By Carmel McCallum
“What a great question! Thank you for asking such an important question!” This line could be heard from any Liberal-National Party politician, or candidate at any forum, while they are really thinking: “What answer can I possibly give to this voter? She probably votes independent, Greens or Labor, so I need to appeal to my voters in the room. Bugger the truth!” Rarely is a question actually answered satisfactorily.
Most readers of this small independent local regional news media source - unprotected by Senate social media enquiries - will probably already know the answer to this. COVID-19 is a new challenge, different from any other in history, and continues to present us with unexpected developments.
So, who saved the economy?
It wasn’t the foreign students left stranded on our shores, many of whom were supported by, or dependent on, wonderful volunteers and local charities. It wasn’t all those casual workers, mostly female, who weren’t employed in the same workplace for more than 12 months, including people who work in the arts and entertainment industries, having very precarious job opportunities or security, often employed on tenuous contracts.
It wasn’t local council workers, university staff or casually employed associate professors who were left in limbo without contracts renewed. It wasn’t the gig economy servants who have no employment entitlements but are classified as self-employed contractors. It wasn’t refugees who, for the first time since the Howard years, were told to go and look for a job, when their chances were ‘Buckley’s and none’.
No, all of these people continued working as before but under COVID-19 conditions, many underpaid or, in some cases, having no income whatsoever. These people had no money to spend and were literally left out in the cold.
If people were made redundant or dismissed because of the pandemic, they were able to apply for a ‘dole’ which was almost double the pre-COVID rate. It was less than what they were used to but, on the other hand, they were stuck at home and had fewer daily expenses, not travelling to work and so on.
Those who were on JobSeeker – previously Newstart - including single parents with school-age children were able with the increase to $1150, to spend money on fresh food, a visit to the dentist or a treat for their children. They were raised from poverty, temporarily. They spent all their money catching up on bills, feeling a slight lift in their otherwise stressful and economically oppressed lives.
Many were covered by JobKeeper, initially. People on JobKeeper continued to be employed with either their normal wage topped up by their employer and continued to work or stayed home with their job kept safe. Apprentices and many others actually earned more than they ever would otherwise. However, they were still paying income tax, so some earnings would be returned to the government.
According to ABC’s Casey Briggs in 2003, the top 20 per cent of Australians had almost 60 per cent of Australia’s wealth while the poorest 20 per cent shared only one per cent. By 2017, the poorer households had an extra $2,000 coming in - an increase of 6 per cent. Meanwhile the top 20 per cent were ‘earning’ $1.3 million extra - a 68 per cent increase.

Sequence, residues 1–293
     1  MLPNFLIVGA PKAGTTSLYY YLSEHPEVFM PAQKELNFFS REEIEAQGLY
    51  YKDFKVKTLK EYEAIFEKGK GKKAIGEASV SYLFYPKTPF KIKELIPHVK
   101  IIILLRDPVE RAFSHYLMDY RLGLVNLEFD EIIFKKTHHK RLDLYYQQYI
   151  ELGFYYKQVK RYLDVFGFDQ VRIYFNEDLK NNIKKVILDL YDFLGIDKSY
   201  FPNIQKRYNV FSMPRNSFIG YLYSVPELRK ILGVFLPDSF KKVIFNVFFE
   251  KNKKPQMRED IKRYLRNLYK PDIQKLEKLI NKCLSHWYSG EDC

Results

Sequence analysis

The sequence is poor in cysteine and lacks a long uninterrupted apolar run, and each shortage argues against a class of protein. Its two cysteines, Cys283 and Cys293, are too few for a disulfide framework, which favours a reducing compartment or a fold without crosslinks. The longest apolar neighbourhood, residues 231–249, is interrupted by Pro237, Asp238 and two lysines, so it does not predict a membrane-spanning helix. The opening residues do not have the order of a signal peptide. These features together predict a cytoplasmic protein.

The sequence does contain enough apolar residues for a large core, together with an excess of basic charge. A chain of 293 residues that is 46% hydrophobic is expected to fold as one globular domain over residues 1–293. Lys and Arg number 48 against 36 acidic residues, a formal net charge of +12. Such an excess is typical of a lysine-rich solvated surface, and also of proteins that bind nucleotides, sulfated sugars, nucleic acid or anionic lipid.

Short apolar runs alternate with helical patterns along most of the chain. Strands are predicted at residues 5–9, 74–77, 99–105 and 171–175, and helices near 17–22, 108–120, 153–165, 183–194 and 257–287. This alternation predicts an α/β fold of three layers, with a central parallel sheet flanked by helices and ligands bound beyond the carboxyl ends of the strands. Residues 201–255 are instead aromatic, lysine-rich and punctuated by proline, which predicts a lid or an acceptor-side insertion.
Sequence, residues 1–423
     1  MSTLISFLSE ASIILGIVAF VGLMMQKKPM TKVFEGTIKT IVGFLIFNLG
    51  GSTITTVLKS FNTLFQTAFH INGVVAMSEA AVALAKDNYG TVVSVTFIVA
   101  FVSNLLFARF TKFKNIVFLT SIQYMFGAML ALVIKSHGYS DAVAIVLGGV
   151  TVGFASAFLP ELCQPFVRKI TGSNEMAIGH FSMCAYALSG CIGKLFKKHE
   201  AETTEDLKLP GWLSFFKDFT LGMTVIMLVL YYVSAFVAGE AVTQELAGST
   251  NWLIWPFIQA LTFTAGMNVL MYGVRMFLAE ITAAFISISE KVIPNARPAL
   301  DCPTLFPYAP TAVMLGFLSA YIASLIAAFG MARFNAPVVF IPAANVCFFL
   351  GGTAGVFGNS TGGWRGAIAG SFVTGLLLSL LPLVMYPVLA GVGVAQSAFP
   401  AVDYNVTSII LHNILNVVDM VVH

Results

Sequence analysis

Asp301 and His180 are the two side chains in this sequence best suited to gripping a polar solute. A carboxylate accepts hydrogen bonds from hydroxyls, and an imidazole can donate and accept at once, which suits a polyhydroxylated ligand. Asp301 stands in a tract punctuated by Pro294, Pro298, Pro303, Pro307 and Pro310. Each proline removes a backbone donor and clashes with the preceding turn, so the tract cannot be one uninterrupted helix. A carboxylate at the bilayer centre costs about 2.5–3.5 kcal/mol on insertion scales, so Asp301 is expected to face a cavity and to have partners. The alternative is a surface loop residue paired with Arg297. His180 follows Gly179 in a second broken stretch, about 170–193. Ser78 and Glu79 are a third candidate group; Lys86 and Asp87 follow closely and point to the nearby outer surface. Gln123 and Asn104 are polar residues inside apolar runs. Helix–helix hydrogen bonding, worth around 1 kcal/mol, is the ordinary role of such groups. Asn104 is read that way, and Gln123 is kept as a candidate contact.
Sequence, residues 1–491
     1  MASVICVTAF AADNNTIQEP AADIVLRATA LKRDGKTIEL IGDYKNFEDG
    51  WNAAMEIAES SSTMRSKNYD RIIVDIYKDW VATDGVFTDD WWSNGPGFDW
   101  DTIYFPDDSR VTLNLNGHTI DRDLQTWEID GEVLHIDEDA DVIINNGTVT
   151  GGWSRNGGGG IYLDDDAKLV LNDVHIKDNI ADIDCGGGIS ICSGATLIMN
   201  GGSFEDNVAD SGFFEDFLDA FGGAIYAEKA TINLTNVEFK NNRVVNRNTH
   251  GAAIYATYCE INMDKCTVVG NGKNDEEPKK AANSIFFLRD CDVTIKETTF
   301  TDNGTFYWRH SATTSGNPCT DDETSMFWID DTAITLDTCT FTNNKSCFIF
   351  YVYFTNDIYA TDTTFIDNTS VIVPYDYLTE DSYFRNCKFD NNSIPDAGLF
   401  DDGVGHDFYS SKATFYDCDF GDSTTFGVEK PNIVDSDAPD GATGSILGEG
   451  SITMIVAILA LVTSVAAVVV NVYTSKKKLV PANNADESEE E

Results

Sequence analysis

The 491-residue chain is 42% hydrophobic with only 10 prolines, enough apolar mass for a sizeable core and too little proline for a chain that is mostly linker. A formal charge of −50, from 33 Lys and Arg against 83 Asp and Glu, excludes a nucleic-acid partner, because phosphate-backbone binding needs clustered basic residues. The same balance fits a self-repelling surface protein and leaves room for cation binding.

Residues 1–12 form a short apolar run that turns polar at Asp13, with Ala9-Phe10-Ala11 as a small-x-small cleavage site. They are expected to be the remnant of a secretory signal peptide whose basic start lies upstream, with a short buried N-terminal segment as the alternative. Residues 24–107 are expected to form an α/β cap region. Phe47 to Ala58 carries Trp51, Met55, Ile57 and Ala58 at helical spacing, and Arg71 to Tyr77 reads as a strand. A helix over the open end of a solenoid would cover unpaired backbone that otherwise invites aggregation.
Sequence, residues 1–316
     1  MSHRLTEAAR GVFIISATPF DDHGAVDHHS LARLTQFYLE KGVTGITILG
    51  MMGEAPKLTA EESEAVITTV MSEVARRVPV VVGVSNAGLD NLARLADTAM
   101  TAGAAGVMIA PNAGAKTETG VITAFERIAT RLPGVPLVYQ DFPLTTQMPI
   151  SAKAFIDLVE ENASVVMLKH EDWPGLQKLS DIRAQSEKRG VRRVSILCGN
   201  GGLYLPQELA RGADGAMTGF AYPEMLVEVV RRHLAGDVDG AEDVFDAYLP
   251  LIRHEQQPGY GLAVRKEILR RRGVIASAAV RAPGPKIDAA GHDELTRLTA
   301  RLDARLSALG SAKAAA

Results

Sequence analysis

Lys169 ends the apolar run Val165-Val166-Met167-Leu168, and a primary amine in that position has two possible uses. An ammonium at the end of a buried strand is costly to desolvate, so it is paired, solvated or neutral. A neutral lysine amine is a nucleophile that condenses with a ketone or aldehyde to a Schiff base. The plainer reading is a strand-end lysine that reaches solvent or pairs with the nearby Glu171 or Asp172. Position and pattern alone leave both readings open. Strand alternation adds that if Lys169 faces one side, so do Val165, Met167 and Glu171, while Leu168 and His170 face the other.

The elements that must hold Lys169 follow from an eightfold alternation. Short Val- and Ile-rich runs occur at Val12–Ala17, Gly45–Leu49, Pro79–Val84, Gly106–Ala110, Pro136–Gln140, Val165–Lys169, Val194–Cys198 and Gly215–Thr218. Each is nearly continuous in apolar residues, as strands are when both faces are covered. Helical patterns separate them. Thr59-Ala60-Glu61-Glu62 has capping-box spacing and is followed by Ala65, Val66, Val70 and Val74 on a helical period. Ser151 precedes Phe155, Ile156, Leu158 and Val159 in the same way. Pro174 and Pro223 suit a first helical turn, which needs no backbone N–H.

When the coronavirus hit, the hospitality industry, 2.5 per cent of all Australian workers, contributed one fifth of all the layoffs from February to May, reducing by about a half. The retail industry was reduced by 13 per cent. Both these industries are dominated by women. Management jobs and similar high-paid jobs were reduced by two per cent. Professional jobs shrank by 1.7 per cent. There are now more white-collar jobs than when the pandemic began.
Australia’s inequality is greater than most European and Asian countries. We are not as bad as the USA but we are catching up. What a disgrace from such a wealthy country where few benefit from the resources and decades of wealth-generation we have had. Inequality is a direct consequence of government policy. Australia is 23rd of 37 OECD countries when it comes to income inequality and doesn’t fare well for the poverty gap or poverty rate.
On ABC Radio National’s 8th February ‘Big Ideas’, in a discussion titled ‘Ethical challenges of extreme poverty and inequality’, all speakers and the facilitator, Per Capita CEO Emma Dawson, spoke of a ‘caring economy’ being the way to go forward, for the benefit of all Australians. Dawson asked what advice they could give to the prime minister.
John Hewson, professor at ANU’s Crawford School of Public Policy, said upfront there should be proper recognition of First Australians and that this would bring significant fundamental benefits in reducing inequality. The former Liberal Party leader said the Morrison government’s Stage III tax cuts, which benefit only the top 2 per cent, should be halted as they would not benefit the economy. He said that JobSeeker should be increased to a level which is in line with the minimum wage and much greater than the poverty line, and that tax reform must deal with inequality.
Hewson also argued for free universal childcare up to five years of age, as it increases the number of women who are able to work. He derided the government for phasing out JobKeeper for the 95 per cent of workers in childcare, which, Hewson said, have been neglected since 1997. He also said that infrastructure for COVID recovery should be in building affordable housing.